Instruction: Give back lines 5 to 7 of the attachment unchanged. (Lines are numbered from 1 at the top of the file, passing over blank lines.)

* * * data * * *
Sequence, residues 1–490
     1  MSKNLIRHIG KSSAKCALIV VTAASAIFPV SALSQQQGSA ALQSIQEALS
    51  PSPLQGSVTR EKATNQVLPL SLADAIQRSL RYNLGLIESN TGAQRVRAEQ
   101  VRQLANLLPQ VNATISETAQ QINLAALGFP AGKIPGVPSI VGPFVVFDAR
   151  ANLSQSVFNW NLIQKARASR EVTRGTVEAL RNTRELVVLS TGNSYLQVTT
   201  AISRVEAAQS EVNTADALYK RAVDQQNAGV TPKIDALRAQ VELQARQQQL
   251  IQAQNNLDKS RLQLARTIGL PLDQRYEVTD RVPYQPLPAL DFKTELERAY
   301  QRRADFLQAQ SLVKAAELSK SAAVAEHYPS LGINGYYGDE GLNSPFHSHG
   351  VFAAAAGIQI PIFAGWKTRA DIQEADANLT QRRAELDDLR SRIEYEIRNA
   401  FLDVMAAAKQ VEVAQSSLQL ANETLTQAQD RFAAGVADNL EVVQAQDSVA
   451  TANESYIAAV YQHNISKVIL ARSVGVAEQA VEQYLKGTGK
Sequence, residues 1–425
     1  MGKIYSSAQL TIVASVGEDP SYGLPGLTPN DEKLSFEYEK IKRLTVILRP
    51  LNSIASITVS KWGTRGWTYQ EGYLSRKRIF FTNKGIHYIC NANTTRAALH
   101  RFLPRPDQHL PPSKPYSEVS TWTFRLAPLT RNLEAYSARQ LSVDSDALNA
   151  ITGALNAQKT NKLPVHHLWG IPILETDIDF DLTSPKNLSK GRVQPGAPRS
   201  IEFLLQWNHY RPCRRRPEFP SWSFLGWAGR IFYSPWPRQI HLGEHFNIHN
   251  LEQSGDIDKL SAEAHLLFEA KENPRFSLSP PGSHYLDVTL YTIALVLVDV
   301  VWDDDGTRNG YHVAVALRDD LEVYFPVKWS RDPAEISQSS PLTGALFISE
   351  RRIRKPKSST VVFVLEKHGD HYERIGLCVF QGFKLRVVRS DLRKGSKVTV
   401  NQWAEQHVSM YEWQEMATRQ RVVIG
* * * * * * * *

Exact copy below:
   151  ANLSQSVFNW NLIQKARASR EVTRGTVEAL RNTRELVVLS TGNSYLQVTT
   201  AISRVEAAQS EVNTADALYK RAVDQQNAGV TPKIDALRAQ VELQARQQQL
   251  IQAQNNLDKS RLQLARTIGL PLDQRYEVTD RVPYQPLPAL DFKTELERAY